NEW YORK — Should Halloween costumes need to pass a “political correctness” test before parents let their kids go trick-or-treating? A new survey finds many think moms and dads should think twice before letting their children dress up in certain costumes for Halloween this year.
A recent OnePoll survey asked 2,000 American parents of children under 10 to weigh in on which “offensive” Halloween costumes they believe should be banned from stores.
Holocaust-related costumes, such as the infamous “Anne Frank” outfit that caused a social media controversy in 2017, topped the list of ideas to avoid (45%). Anything related to blackface (43%), displaying the Confederate flag (38%), or transphobia (37%) also ranked high on the list. Other choices Americans think kids should avoid include pandemic-related costumes, such as hazmat suits (32%) and also portrayals of cultural stereotypes (29%).
The relationship between Halloween and cultural appropriation or stereotyping has become a hot-button issue over the last decade, with critics and activists popularizing the phrase “My culture is not a costume” in social media discussions.
A tough topic for parents
When asked to define cultural appropriation in their words, one parent said it means “when you take somebody else’s culture and make it your own in a disrespectful manner.” Another respondent interpreted it as “the adoption and showcasing of another people’s culture in a fun or mocking way.”
Although parents in the poll believe cultural appropriation is a topic worth discussing with their children, not all were clear about how to define it. One parent defined cultural appropriation as “to be proud of your culture.” Others admitted they don’t know what the term means.
Sixty-three percent of parents say they’ve already had conversations with their children about cultural appropriation because of the issues Americans are facing in today’s society. Another 58 percent have stressed to their kids that engaging in cultural appropriation or any type of appropriation can be “very hurtful” to others.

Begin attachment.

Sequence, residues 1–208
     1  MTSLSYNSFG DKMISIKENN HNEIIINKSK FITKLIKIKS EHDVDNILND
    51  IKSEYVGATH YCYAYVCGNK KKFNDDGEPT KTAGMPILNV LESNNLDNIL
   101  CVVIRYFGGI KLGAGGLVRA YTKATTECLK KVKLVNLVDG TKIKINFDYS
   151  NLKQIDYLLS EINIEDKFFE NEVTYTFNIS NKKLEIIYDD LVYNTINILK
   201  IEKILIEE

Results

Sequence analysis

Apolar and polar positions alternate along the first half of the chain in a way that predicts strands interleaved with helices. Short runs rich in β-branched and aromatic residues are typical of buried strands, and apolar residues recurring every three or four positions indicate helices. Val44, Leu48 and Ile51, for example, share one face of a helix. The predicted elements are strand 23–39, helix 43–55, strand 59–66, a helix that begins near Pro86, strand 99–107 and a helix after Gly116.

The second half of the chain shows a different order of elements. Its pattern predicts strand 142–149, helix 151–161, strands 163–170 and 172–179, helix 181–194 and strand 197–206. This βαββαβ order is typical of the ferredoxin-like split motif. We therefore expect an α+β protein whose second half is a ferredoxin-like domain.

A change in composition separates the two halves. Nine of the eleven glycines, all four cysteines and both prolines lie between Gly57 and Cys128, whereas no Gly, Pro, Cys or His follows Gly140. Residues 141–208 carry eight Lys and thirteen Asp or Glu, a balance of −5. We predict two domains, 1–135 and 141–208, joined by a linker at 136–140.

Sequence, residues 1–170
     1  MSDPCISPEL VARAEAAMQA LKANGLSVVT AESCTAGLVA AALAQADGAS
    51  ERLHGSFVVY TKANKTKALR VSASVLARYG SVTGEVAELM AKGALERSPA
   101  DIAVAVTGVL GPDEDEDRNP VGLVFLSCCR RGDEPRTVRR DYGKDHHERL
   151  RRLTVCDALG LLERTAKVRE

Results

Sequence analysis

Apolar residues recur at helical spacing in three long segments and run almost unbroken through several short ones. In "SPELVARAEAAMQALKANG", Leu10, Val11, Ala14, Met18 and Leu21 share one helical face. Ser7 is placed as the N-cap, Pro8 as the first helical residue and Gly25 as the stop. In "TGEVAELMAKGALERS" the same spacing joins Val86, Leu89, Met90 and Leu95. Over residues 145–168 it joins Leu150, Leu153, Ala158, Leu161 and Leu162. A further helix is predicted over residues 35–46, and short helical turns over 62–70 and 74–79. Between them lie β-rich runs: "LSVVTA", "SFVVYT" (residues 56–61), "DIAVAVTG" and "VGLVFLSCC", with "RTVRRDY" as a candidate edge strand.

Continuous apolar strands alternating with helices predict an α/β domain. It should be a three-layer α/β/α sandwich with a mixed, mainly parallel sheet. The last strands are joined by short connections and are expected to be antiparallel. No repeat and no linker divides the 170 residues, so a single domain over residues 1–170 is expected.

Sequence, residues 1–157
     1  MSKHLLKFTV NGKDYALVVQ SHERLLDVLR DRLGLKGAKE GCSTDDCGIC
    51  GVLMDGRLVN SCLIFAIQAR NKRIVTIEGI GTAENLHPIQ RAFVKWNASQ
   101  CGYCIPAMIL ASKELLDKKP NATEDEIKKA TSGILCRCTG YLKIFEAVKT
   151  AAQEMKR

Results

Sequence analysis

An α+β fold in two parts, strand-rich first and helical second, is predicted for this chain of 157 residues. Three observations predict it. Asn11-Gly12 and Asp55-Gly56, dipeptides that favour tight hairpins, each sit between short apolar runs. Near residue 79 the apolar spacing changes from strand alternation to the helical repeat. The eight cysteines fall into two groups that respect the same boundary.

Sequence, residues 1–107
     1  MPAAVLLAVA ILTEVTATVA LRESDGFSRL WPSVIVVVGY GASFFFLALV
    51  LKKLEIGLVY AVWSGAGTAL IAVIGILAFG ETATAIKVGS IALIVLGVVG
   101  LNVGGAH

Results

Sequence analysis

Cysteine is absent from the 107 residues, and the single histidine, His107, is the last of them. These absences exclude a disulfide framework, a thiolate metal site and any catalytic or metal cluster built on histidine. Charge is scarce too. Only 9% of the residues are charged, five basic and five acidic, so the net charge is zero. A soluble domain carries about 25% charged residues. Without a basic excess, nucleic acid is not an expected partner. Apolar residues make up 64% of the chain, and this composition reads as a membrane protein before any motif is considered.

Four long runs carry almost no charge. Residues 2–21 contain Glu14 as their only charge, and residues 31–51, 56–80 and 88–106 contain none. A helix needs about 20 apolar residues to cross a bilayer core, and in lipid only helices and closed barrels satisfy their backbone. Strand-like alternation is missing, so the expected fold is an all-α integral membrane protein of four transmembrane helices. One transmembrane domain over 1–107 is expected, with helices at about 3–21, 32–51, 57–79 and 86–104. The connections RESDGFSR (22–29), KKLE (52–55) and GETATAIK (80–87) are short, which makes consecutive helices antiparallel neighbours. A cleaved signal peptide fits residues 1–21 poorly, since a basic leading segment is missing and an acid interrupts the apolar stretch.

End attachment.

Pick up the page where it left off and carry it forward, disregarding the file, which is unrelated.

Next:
Nearly half of parents (45%) say they now regret wearing certain Halloween costumes in the past that some now consider inappropriate or offensive. Only 37 percent don’t feel sorry about sporting those costumes in the past. Since then, nearly two-thirds of respondents (63%) have been more careful with their families’ costume choices because they don’t want to offend anyone.
Popular parent threads
Of the 42 percent of parents who plan to dress up this Halloween, some are reportedly going as Wonder Woman, Spider-Man, Superman, Lady Gaga, and Gomez and Morticia Addams. Three-quarters of adults say their kids also plan on dressing up, choosing costumes including Baby Shark, robots, vampires, and Mickey and Minnie Mouse.
As many parents see those costumes as “safe” options, most agree that the offensive costumes should be left in the past. Wearing offensive costumes has not only been an issue during Halloween but in the classroom as well.
In 2019, a Tennessee elementary school came under fire after a student was assigned to dress up as Adolf Hitler and gave the Nazi salute to his classmates as part of a WWII history lesson.
In 2017, a Black mother in Georgia spoke out against her child’s school for promoting “Civil War Day,” where a white student dressed as a plantation owner and told her son, “You are my slave.”
Surprisingly, half the poll say they’d let their child wear a costume some people consider inappropriate or offensive to school for educational purposes.
By comparison, only a quarter say they’re against that type of roleplaying.